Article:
Community farewells true gentleman
By Nicki Harper
Charles Henry Anderton
February 15, 1920 to January 14, 2017
FRIENDS and family farewelled a kind, generous, sharp-witted, fun-filled man at the funeral of Charlie Anderton in Waipukurau on Thursday.
Aged 96, Charlie was just one month shy of 97 and will be remembered by many in the Central Hawke’s Bay community where he lived for most of his life.
He was born in Hastings, and his family lived in Kereru where his father worked with bullock teams in the early 1900s.
When Charlie was 3, the family shifted to a block of land in Otane, which his father farmed for a number of years until he retired, whereupon Charlie and his brother Dick took over.
After attending Otane Primary School and then Waipawa High School, he worked on farms before joining the Army in 1942.
A year later he met his wife to be, Isa, at Raukawa, when he saw her walking with her sisters while riding his horse one day, and decided on the spot that he would marry her.
He got his wish in June 1943, and, after another year with the Army, he headed overseas as a corporal to join the war effort.
During the war he distinguished himself and earned the Military Medal for his actions with the 20 Battalion and Armoured regiment, posted to the 28 Assault Squadron as a Sherman-dozer operator, helping make crossings for the tanks.
When involved in the operation from the Senio to the Piave, Italy, during the first night of an attack he was blown up by a tier of mines.
Although suffering from the blast and shock he calmly carried on his work throughout the next day and night on his Sherman dozer.
After returning from the war in 1946 he met his son, Ross, who was born while he was away.
Charlie milked cows for a few years before moving on to farming sheep and cattle, and in 1960 bought Carlyon Station on Farm Rd in Waipukurau, remaining there until 1980 when he and son-in-law Don Macdonald together purchased Mangatarata Station, which they farmed in partnership until mid-1993.
Charlie and Isa continued to live on the farm before moving to Waipukurau in 2002.
During his farming years in particular, Charlie was known around the country for his dog trialling prowess.
During his farming years in particular, Charlie was known around the country for his dog trialling prowess while a member of the Otane, Tikokino and Takapau (where he was president for many years) dog trial clubs.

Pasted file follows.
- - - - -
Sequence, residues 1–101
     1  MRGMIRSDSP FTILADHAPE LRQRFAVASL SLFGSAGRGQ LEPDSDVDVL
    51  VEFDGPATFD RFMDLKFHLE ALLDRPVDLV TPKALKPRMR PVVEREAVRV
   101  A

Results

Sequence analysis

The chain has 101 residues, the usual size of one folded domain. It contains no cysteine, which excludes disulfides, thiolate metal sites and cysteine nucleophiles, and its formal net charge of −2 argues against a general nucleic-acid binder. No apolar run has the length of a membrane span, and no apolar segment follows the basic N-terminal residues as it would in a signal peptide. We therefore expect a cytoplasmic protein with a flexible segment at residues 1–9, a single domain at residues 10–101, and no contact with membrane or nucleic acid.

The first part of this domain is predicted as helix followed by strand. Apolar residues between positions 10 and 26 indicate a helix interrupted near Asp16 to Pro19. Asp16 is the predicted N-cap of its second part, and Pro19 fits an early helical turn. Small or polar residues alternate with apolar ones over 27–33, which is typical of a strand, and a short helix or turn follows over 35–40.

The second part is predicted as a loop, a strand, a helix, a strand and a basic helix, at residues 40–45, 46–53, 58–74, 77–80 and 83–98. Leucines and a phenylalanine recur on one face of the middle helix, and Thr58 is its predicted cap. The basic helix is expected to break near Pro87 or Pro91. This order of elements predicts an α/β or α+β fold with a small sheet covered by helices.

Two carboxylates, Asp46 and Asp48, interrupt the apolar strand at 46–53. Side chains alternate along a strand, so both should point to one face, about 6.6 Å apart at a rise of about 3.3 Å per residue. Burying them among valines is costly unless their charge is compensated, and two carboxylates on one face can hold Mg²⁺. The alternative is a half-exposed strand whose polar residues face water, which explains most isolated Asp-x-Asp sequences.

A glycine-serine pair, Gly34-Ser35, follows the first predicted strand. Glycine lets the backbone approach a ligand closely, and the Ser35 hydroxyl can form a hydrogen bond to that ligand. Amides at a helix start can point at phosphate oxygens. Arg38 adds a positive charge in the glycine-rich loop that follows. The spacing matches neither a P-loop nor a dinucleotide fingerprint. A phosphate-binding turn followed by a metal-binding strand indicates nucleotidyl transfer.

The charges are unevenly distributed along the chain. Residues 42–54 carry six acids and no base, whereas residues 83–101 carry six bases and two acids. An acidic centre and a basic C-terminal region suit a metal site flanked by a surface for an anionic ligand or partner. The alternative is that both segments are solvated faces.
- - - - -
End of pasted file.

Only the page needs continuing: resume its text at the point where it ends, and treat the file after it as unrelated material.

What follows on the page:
He started rearing pups as a boy and even before he started trialling showed an affinity for training young dogs.
After returning from the war he started competing and won many club trials in Hawke’s Bay, including all four centre championships in the region.
He placed 31 times in North and South Island New Zealand championships and won one New Zealand championship with his dog, Star, at Waimate in 1976.
He was generous with his knowledge, freely giving advice to young shepherds and triallists to help them improve their skills.
His dog-trialling achievements saw him named both the overall CHB Sportsperson of the Year and the CHB Master Sportsperson of the Year in 1996.
Throughout his life he and Isa travelled extensively, visiting most places around the world, their travels documented by Charlie who was a keen photographer and took to new digital technology with enthusiasm.
At the EIT in Waipukurau he was a star pupil of the computer classes he attended from the age of about 80, and he would create cards, videos, and print his own photos.
In later years he was also heavily involved in local organisations and activities, giving back to the community in varied ways.
He was a member of Pakeke Lions and drove the bus, even though he was older than many of the clients, and his services earned him a Lloyd Morgan Charitable Trust award in 2002.
He was also a member of Probus, recognised with a Certificate of Appreciation for outstanding service in 2015.
He was a member of the Waipukurau and Hastings racing clubs, and a member of the Waipukurau RSA.
For many years he helped run the annual Lions Bookarama event, raising money for the community, and he was a member of Hawke’s Bay branch of the New Zealand Founders Society.
Throughout his life Charlie demonstrated a lust for life and genuine interest in others around him – and will be remembered by those who knew him as one of life’s true gentlemen.
Charlie is survived by his wife Isa, three children, four grandchildren (one passed) and two great-grandchildren.
Photo caption – AS HE WAS: Charlie Anderton in Venice at the end of the war.